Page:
Bill would allow domestic violence recordings as evidence

HELENA (AP) — Montana lawmakers are considering a bill that would allow victims of domestic violence to secretly record phone calls or interactions with the perpetrator and use the recordings as evidence in court.

Under Montana law, it is illegal to record a conversation without the knowledge of all the parties involved. That means such recordings can’t be used as evidence in prosecuting domestic violence and other criminal cases.

The bill, by Rep. Mary Ann Dunwell, D-Helena, would create an exception to the privacy law to allow recording of physical or mental abuse against the person or a member of their family.

“It would allow victims to click record on their cellphones to provide evidence of the crime or abuse,” Dunwell told the House Judiciary Committee Tuesday. The committee did not vote on the bill.

Domestic violence survivors and retired Supreme Court Justice James Nelson testified in support of the bill. Opponents argued the bill, as written, was too broad in violating privacy.

“You gotta ask yourselves one question,” said Missoula Police Det. Nathan Griesse: “Should abusers have an expectation of privacy when they’re physically assaulting their partner or family member? Based on my training and experience, my answer is no.”

n n n House Labor Committee hears whistleblower bill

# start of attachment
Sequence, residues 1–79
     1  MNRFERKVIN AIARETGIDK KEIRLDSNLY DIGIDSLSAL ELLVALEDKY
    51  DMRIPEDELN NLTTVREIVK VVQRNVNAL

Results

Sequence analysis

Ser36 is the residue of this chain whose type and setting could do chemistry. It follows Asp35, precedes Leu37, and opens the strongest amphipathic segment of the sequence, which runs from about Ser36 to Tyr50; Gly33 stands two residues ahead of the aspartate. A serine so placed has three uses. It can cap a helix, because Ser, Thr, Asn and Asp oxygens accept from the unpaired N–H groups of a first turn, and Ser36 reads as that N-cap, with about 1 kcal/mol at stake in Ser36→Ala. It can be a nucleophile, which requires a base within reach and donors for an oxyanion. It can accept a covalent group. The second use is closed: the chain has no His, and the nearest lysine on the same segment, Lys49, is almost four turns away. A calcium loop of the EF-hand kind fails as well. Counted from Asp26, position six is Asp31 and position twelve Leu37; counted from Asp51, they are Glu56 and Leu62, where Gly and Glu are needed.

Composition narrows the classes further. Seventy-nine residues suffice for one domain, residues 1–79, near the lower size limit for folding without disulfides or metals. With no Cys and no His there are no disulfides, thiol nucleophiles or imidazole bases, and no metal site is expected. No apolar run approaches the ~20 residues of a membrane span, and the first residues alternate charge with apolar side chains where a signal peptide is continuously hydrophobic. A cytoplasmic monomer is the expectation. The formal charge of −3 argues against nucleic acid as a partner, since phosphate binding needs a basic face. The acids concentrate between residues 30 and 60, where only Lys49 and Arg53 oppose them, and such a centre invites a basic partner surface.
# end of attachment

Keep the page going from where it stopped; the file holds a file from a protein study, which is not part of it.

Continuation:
Members of the House Business and Labor Committee heard testimony Monday about a bill that would protect and reward whistleblowers who report possible securities fraud.

The Whistleblower Award and Protection Act would help people bring information to the Commissioner of Securities and Insurance.

Lynne Egan is the Deputy Commissioner of Securities and Insurance at the Montana State Auditor’s office. She said the bill could help people report fraud to the state.

“It is often hard for individuals within the industry to come forward for fear of financial hardship or being blackballed,” Egan said. “The proposed Whistleblower Award and Protection Act would allow us to provide an incentive for those who help us take down bad actors.”

The act would award up to 30 percent of fines and fees involved in the case to the whistleblower. Restitutions would not be affected. It also provides protection for the whistleblower by ensuring they cannot be fired or harassed as a result of their actions.

Chairman Mark Noland, R-Bigfork, said the committee will likely vote on the bill Friday.

James Bradley is a reporter with the UM Legislative News Service, a partnership of the University of Montana School of Journalism, the Montana Broadcasters Association, the Montana Newspaper Association and the Greater Montana Foundation.